A Project Management Framework (PMF) is a plan to ensure project completion. All projects have a specific goal and scope with a targeted completion date. This structured plan, often backed by effective project planning and task scheduling, enables all involved to keep on track with the project. It also clarifies everyone’s responsibility, including stakeholder engagement, to ensure the success of the project. A designated project manager, understanding their roles and responsibilities, manages the project from initiation to closure.
The Project Management Framework includes three major parts: lifecycle, control cycle, and tools. These, combined with resource allocation, risk management, and quality assurance, are necessary for implementing and completing a project.
Project Management Framework
What is the framework? It enables the use of more effective strategies and project methodologies. It establishes a common language to be used, ensuring a clear stakeholder communication, so that all can understand one another.
The framework also allows for more flexibility and the efficient handling of scope creep. As a project progresses and as dependencies are managed, the possibility of an earlier completion may arise. Working with a variety of professionals and ensuring proper team collaboration allows the key personnel to better manage the project using techniques like the work breakdown structure (WBS).
There are a variety of frameworks, each having its defined methodology. This article, created by our team at TMS, will discuss a few of those available, helping to guide project managers through project initiation to project review. The analysis will help project managers to choose the framework that aligns best with their project charter and overall objectives.
- Framework Components: A Project Management Framework (PMF) includes lifecycle, control cycle, and tools, essential for guiding projects from initiation to closure while clarifying responsibilities and ensuring stakeholder engagement
- Choosing a Framework: The selection of a project management framework depends on the organization’s size, work type, budget, industry, and timeframe, with different frameworks offering varied methodologies
- Prince2 Methodology: Prince2 focuses on dividing projects into controllable steps, emphasizing task scheduling and project monitoring, suitable for structured and phased project execution
- Agile and Lean Frameworks: Agile allows flexibility and stakeholder collaboration throughout the project lifecycle, while Lean focuses on efficient resource use and quality delivery, deriving from the Toyota Production System
Seven Effective Project Management Frameworks
The project management framework chosen depends on the size of the organization, type of work, budgeting and forecasting, industry, and timeframe. Listed below are seven different types of frameworks which can be evaluated against performance metrics and project constraints.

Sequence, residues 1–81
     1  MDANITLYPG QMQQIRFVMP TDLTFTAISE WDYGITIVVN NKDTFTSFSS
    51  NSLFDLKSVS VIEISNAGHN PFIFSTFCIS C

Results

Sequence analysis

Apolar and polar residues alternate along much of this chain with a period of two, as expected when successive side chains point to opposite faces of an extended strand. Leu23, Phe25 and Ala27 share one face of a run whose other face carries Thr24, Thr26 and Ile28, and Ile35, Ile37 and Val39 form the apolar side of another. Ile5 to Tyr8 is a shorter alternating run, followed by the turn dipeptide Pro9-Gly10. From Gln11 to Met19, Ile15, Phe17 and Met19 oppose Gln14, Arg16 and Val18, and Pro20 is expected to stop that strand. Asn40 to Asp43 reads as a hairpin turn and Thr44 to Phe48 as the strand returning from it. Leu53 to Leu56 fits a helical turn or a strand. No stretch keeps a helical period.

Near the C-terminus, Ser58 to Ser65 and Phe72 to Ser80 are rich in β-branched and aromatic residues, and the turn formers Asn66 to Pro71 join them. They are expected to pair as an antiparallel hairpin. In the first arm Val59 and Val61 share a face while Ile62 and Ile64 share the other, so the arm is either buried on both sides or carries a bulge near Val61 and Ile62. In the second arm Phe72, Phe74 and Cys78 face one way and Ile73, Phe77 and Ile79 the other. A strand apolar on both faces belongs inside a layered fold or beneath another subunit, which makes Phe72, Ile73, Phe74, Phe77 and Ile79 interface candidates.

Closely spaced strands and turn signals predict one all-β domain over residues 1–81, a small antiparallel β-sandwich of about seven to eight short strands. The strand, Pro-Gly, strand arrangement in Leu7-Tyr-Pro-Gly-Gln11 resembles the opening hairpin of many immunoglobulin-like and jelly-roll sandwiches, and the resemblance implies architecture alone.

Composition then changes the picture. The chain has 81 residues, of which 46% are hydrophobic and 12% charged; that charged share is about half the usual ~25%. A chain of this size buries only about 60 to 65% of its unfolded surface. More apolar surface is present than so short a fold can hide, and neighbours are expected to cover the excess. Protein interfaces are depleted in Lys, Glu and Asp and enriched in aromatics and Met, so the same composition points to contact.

Prince2 is a project management framework program and methodology that focuses on task scheduling and project monitoring. It divides the project into controllable steps, utilizing tools like Gantt charts. The training module is available in a variety of languages.
This framework, initially developed as a UK government standard for IT project management, encompasses phases such as business case analysis, organization, quality, plan, risks, change, and progress, ensuring a comprehensive project lifecycle.
The methodology emphasizes team collaboration, people, resources, and physical spacing.
The Critical Chain Project Management program, with its focus on risk assessment and earned value management, is noted for helping to complete projects faster due to its time management principles. This is achieved by the rigid scheduling of tasks.
As a result, CCPM cuts back on project costs, which is beneficial for those working within a strict budget and those keen on effective cost estimation.
The lean project management framework focuses on delivering quality service by using resources efficiently, highlighting the importance of resource allocation and quality assurance.
Its methodology is derived from the Toyota Production System (TPS). TPS, in essence, embodies task scheduling and time management principles by focusing on creating less waste and ensuring a thorough project review to provide quality products to the consumer.
The Agile project management framework aims to provide maximum value to clients, optimizing budgeting and forecasting, within the desired timeframe and budget.
It allows for more flexibility and addresses potential scope creep. Unlike more traditional frameworks, there’s no need for extensive project planning before the project starts.
The project manager collaborates with the stakeholders throughout the project lifecycle. This stakeholder engagement ensures that necessary adjustments, backed by risk management practices, can be made along the way.
Waterfall is a more traditional framework where tasks are carried out in phases. It emphasizes project phases and milestones.
One phase must be completed before starting the next one. Waterfall outlines a defined project governance approach with all phases taking place in an exact order, ensuring meticulous project monitoring and change control.
The Scrum project management framework is ideal for small projects and prioritizes team collaboration.
There’s no complex work breakdown structure (WBS) or planning needed before the project starts.